Education no longer enough to combat phishing?

Educating users to recognise potential phishing scams may no longer be an effective tool because recent attacks are so sophisticated that fraudulent sites were virtually indistinguishable from the original, according to MessageLabs.Traditional phishing attacks replicate the Web site of a known brand and try to lure victims to that using spam.

Educating users to recognise potential phishing scams may no longer be an effective tool because recent attacks are so sophisticated that fraudulent sites were virtually indistinguishable from the original, according to MessageLabs.

Traditional phishing attacks replicate the Web site of a known brand and try to lure victims to that using spam. In the early days, phishing e-mails and Web sites were relatively simple to spot because they often contained spelling mistakes and were badly designed.

Recently discovered phishing sites were no longer distinguishable from the original, which made it impossible to educate users on how to tell the difference, according to Mark Sunner, CTO of MessageLabs.

"Phishing is just so sophisticated that you can't deal with it with education. How can you tell someone to watch out for something that is perfect?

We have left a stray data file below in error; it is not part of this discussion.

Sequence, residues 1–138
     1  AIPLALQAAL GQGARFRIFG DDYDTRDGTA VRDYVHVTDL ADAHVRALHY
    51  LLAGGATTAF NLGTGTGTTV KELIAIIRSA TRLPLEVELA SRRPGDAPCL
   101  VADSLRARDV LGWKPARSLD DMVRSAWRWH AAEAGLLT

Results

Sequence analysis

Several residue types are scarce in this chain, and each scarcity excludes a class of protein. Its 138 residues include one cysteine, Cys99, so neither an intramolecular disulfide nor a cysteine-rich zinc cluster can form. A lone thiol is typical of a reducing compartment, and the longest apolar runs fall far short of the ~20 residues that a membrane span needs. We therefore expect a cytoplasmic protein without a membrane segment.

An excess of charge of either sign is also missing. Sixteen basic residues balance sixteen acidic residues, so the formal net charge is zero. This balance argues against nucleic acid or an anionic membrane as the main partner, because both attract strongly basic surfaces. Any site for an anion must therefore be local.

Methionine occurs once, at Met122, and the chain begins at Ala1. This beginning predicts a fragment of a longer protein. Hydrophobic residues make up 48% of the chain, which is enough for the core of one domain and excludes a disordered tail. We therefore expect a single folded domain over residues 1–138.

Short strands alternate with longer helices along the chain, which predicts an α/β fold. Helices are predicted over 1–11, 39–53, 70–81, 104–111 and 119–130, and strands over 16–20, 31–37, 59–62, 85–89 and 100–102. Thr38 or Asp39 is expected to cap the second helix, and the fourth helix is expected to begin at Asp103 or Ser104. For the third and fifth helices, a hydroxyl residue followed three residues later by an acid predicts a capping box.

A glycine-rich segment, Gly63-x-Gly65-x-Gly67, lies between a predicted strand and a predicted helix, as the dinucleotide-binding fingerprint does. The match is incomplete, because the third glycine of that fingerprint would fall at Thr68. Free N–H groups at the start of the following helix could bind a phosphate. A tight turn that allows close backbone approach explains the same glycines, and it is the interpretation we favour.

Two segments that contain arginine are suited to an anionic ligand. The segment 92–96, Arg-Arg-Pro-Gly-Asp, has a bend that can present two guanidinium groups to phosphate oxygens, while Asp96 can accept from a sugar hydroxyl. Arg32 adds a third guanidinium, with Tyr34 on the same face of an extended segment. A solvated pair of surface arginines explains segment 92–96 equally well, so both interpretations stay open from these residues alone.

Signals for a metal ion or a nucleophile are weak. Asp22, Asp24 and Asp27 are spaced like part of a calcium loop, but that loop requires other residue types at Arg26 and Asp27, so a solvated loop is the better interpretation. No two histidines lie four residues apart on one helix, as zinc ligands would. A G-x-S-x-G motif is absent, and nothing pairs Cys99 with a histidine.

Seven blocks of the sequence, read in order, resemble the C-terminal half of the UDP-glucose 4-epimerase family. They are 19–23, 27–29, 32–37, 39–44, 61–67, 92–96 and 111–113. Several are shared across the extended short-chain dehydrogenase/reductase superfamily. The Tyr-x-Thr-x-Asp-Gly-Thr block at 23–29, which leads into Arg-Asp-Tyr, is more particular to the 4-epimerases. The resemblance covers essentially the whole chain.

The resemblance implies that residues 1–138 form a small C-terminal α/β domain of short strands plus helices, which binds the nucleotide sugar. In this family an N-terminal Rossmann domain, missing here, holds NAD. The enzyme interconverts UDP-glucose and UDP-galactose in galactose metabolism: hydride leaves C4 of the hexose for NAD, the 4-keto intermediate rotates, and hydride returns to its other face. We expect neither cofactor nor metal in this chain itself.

"The URL looks perfect and the site looks perfect. So even if you were very, very savvy you would have some trouble discerning that something was wrong," Sunner told ZDNet Australia in a phone interview on Tuesday.

"This is a trend that will continue to develop," added Sunner.

In a report published by e-mail security specialist IronPort on Tuesday, the company's senior vice president of marketing Tom Gillis agreed that attacks have never been so sophisticated.

"In 2006, we have seen two important trends working together. Overall threat volumes are increasing, and the level of sophistication is also increasing

"The Web is the new battle front. The malware threats we are seeing coming through the Web gateway are the most sophisticated yet," said Gillis.